The context of the creation of The Little Prince is crucial. An impoverished noble by birth, Antoine de Saint-Exupéry (1900-1944) joined the French military to help support his family, began taking flying lessons and soon began to make his name as a celebrated aviator in North Africa and Argentina, helping to establish often-perilous air mail routes. At the same time, Saint-Exupéry began to find literary fame with lyrical, philosophical works about the joys of flying and the solitude of the skies over deserts and mountains.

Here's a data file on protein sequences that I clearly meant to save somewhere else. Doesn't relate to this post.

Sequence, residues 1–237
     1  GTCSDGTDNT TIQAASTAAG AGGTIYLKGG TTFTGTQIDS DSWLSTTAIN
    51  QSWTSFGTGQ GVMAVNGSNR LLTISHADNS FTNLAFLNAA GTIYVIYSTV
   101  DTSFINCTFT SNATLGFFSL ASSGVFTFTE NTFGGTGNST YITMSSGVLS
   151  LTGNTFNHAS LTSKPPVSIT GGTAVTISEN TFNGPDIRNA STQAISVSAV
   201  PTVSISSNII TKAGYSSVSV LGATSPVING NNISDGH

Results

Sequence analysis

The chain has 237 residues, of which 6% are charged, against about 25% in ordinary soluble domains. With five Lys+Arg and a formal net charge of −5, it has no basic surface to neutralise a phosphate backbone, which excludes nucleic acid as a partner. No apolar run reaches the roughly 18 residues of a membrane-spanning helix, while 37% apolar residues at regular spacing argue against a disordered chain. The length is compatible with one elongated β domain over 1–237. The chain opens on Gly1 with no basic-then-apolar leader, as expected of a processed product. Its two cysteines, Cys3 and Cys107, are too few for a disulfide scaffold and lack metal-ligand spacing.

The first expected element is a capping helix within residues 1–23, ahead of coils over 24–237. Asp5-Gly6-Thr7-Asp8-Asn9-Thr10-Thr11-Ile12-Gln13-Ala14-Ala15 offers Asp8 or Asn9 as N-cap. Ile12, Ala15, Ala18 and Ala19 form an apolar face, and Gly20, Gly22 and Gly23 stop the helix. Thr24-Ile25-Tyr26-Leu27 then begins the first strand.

In January 1941, after the fall of France, Saint-Exupéry lived in exile in the New York City area and elsewhere in the United States and Canada. In other words, he wrote and illustrated The Little Prince during a time of great sorrow for his country, a time when he was also drumming up support in the United States for the war effort. Two years later, in April of 1943, the year The Little Prince was first printed, Saint-Exupéry shipped out with an American convoy, joining the Free French Air Force in Algiers where he would get back into the fray against the Axis. On July 31, 1944, he made his final flight, disappearing over the Mediterranean. In 2000, a fisherman found an identity bracelet on an island south of Marseille, bearing his name; in that same year, wreckage from his P-38 Lightning fighter plane was also discovered.